• Canada and Australia both have substantial deposits of rare earth elements (REE), as do Southeast Asia and South Africa.
  • The Canadian companies Avalon Ventures and Great Western Minerals are expected to produce heavy rare metals within three to five years.
  • Jack Lifton, an independent consultant specializing in the sourcing of nonferrous strategic metals, predicts that the world could be independent of China as the source of rare metals by 2020.
  • Lifton also predicts that China will become a net importer of rare earth ores or metals by 2015.

With reserves of rare earth elements available around the world, it would be difficult for China to control the supply.  There may be short-term supply constraints and higher prices for rare earth metals and the goods that require them if China reduces its exports, as mines around the world would require time to reinstate or start mining their own deposits.  However, China does not have a monopoly on the reserves of rare metals, nor is it in a position to create a cartel among the firms mining rare earth elements. The U.S., for example, continues to process rare metals mined in the past. It’s even possible that Chinese producers can grow their businesses without substantially expanding China’s control of the market; given that many Chinese producers are small companies in Inner Mongolia, they indeed have incentives to maintain and even boost production.

The following chart, drawn from USGS data, shows 2008 production and estimated reserves of rare metals. The USGS also suggests that undiscovered deposits could add greatly to reserves in coming years.

 

                 

 

MINE PRODUCTION                

 

                

 

RESERVES                

 

                

 

                

 

                

 

                

 

                

 

                

 

MALAYSIA                

 

380                

 

0%                

 

30,000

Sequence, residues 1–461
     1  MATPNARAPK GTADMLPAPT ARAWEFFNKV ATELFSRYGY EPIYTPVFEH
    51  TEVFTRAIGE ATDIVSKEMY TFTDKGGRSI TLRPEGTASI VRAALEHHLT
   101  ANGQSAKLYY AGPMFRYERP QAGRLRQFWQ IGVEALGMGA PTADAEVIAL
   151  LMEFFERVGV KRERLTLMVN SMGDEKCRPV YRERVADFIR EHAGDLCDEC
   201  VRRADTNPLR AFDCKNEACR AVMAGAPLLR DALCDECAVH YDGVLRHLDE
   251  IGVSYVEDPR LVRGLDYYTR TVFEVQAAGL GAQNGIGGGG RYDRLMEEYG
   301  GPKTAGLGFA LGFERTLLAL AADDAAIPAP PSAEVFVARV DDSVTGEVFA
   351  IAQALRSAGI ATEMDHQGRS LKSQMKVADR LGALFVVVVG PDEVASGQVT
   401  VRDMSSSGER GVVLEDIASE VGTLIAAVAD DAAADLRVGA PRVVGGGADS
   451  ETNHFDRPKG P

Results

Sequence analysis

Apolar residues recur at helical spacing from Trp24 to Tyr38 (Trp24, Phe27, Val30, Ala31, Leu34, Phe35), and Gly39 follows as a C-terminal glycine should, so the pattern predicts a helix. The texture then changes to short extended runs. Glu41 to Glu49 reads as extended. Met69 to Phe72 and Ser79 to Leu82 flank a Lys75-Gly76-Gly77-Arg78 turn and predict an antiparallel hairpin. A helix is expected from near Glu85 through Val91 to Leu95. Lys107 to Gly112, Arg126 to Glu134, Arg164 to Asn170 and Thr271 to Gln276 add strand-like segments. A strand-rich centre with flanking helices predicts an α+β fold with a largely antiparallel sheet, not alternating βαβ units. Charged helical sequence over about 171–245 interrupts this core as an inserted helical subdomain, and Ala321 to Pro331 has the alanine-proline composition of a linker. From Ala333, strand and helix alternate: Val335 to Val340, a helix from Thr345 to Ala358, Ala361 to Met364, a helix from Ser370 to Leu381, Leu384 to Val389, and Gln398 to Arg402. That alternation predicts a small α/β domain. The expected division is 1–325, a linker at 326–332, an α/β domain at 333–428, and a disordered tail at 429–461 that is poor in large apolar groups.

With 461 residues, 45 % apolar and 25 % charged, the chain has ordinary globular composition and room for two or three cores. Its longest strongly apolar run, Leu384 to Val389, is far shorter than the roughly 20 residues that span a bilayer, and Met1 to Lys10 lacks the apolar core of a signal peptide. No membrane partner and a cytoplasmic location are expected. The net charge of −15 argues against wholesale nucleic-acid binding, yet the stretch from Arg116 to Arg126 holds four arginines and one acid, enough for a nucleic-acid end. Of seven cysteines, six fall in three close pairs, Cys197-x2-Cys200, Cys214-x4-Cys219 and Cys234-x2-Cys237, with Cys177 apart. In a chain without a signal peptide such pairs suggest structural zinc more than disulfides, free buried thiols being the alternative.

0%                

 

BRAZIL                

 

650                

 

1%                

 

48,000                

 

0%                

 

INDIA                

 

2,700                

 

2%                

 

1,100,000                

 

1%                

 

AUSTRALIA                

 

0                

 

0%                

 

5,200,000                

 

6%                

 

UNITED STATES                

 

0                

 

0%                

 

13,000,000                

 

15%                

 

CIS                

 

0                

 

0%                

 

19,000,000                

 

22%                

 

OTHER COUNTRIES                

 

0                

 

0%                

 

22,000,000                

 

25%                

 

CHINA                

 

120,000                

 

97%                

 

27,000,000                

 

31%                

 

                 

 

       
                 

 

       
WORLD TOTAL (rounded)                

 

124,000                

 

  88,000,000                

 

 
                 

 

       
                 

 

       
Data: U.S. Geological Survey, January 2009                

 

       

brown_rare_metals_graph_512.gif  

 

For more on rare metals, see Controlling Rare Metals Key to Becoming Global Green Technology Leader.